BUDGET RESERVES
Next up was the discussion of City Budget Reserves, HERE.  Dunivent opened by telling the committee that he was making a presentation to city staff on some new budget policies which would mean:
1) A specific requirement for 1% of the General Fund Revenues to be used to replenish Reserves and
2) Between 5 and 7.5% of General Fund Revenues must be used for Capital Projects.

WRONG, AGAIN!
When I heard that I thought the committee, with very little discussion, would probably wait until that proposal was fleshed out by the staff before tackling any overture for Charter language on the issue.  I was wrong - again.

OH, MY HEAD HURTS!
Nope, once again they waltz around with this issue to the point that my head was spinning, circling back on previous statements and positions for nearly an hour.  Eventually they decided to - wait for it - carry it over to the next meeting.  By this time I was joining attorney Yolanda Summerhill in seeking divine intervention, but it didn't come.

COUNCIL COMPENSATION - AGAIN
Next up was the issue of Council Compensation, HERE - which had been thoroughly flogged at the last meeting.  Again, I thought that, since this issue had been pretty well wrung-out previously, it might result in a rapid resolution last night.  Wrong, again!  In baseball I'd be "out" by now.

QUESTIONS, QUESTIONS AND MORE QUESTIONS!
Round and round the discussion went.  Is a council member an employee?  If so, must he be treated as such under labor laws?  We thought we agreed last time to pay them a flat stipend and let it take care of any medical/pension choices they might make!  Should a council member even have a pension?  On and on and on....  It was decided that there needed to be input from Human Resources on the personnel elements of this question.  Most committee members opined that council members shouldn't have pensions, but the issue is long from resolved.  I had to smile when committee member Tea Party Tom Pollitt - maybe the strongest advocate of Jim Righeimer's Charter on the committee - said in frustration, "Why don't we just use General Law?"  That's a refrain many observers have muttered to ourselves as this painful process has unfolded over the many months the committee has met.

UNFUNDED PENSION LIABILITY
Because of the lateness of the hour Bauermeister proposed shoving the Unfunded Pension Liability issue, HERE, off to the next meeting since the Pension Oversight Committee expects to have important recommendations at that time.  That also should have been simple, but member Gene Hutchins - for whom the Unfunded Pension Liability has become his own personal crusade - stretched out what could have been a one-word answer (yes), into another fifteen minute discussion of the issue, including using a bottle of water as a prop.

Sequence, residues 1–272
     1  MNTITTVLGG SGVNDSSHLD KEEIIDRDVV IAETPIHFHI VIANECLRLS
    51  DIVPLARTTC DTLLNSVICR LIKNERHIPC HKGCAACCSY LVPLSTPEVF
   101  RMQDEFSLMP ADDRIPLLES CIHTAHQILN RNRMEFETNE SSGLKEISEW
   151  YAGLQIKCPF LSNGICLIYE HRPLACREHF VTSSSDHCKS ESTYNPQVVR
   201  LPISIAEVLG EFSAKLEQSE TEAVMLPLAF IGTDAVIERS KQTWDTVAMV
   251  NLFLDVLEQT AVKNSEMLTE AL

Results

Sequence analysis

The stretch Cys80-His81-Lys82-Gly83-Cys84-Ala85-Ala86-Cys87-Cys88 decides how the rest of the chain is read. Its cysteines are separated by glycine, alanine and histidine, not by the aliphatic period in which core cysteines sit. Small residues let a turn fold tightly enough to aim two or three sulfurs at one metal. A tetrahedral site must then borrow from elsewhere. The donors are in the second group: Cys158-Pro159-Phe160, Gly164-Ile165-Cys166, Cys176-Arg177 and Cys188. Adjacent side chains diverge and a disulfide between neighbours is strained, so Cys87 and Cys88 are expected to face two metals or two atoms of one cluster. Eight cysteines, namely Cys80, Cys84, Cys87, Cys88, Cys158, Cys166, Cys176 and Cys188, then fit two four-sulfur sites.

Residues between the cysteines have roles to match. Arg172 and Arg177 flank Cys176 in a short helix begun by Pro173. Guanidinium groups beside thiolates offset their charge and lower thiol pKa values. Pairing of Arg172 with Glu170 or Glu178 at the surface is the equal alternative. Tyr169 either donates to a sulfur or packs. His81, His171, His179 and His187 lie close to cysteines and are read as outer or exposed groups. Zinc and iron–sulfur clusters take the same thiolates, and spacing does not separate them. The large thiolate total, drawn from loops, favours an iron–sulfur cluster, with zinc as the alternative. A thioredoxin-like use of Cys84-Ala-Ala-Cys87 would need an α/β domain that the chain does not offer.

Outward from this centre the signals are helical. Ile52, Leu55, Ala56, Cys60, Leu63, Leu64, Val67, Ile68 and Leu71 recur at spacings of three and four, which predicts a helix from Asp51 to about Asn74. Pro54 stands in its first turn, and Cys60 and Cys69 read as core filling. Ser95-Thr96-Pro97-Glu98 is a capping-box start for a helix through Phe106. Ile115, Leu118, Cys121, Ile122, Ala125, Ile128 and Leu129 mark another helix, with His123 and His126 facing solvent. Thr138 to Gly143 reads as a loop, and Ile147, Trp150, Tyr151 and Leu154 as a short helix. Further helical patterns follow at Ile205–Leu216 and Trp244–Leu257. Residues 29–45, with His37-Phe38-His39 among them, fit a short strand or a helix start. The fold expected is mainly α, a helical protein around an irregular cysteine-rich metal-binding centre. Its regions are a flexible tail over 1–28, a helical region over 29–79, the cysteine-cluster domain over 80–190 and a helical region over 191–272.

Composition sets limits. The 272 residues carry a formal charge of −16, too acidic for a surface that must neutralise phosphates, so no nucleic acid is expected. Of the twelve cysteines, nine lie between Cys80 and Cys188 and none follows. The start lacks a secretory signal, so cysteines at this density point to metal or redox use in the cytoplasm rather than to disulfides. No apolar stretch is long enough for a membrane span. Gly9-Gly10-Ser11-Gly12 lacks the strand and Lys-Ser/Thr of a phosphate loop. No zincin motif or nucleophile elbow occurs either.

MEASURING PROGRESS CAREFULLY
So, three hours later and four agenda items put on pause until the next meeting.  That doesn't mean there wasn't some valuable discussion last night - there certainly was.  What it means to me, though, is that Bauermeister's expectation that the committee will actually have a viable document to present to the City Council by his target date of February 26, 2014 is extremely optimistic.  The committee is scheduled to meet four times between now and that date, including that meeting.  We'll have a much better handle on it following their next meeting on January 8, 2014.

AMIABLE ADVERSARIES
An observation: The committee, despite the circular path they take on almost every issue, has remained civil and generally followed the rules of decorum they established in the very beginning.  I've been impressed with the quality of some of the arguments, on both sides of issues.  Maybe "argument" is a little too strong.  "Debate" may be a better word.  There is a core group on the committee that is obviously well-prepared for this task and have the logical, analytical thought processes and oratorical skills to craft and deliver a coherent message.  Yes, there are clearly very divergent views among the members, but it's not unusual to have folks who appear to be polar opposites agree with each other on important issues.  I'm encouraged by that fact.

WAIT AND SEE...
Until they get down to the end - when the language of the final document is hammered out - I'm still not sure whether they will produce a document the voters will accept.  After all is said and done, the goal is to produce a document that will improve the governance of our city by trading state-mandated safeguards and controls we enjoy as a General Law city for more local control that the public will buy into.  With the recent legislation that took the Prevailing Wage issue off the table, the single-biggest reason for even considering a Charter form of government is now gone.  And, there is absolutely no assurance the council will agree with their proposal, either.  We'll see..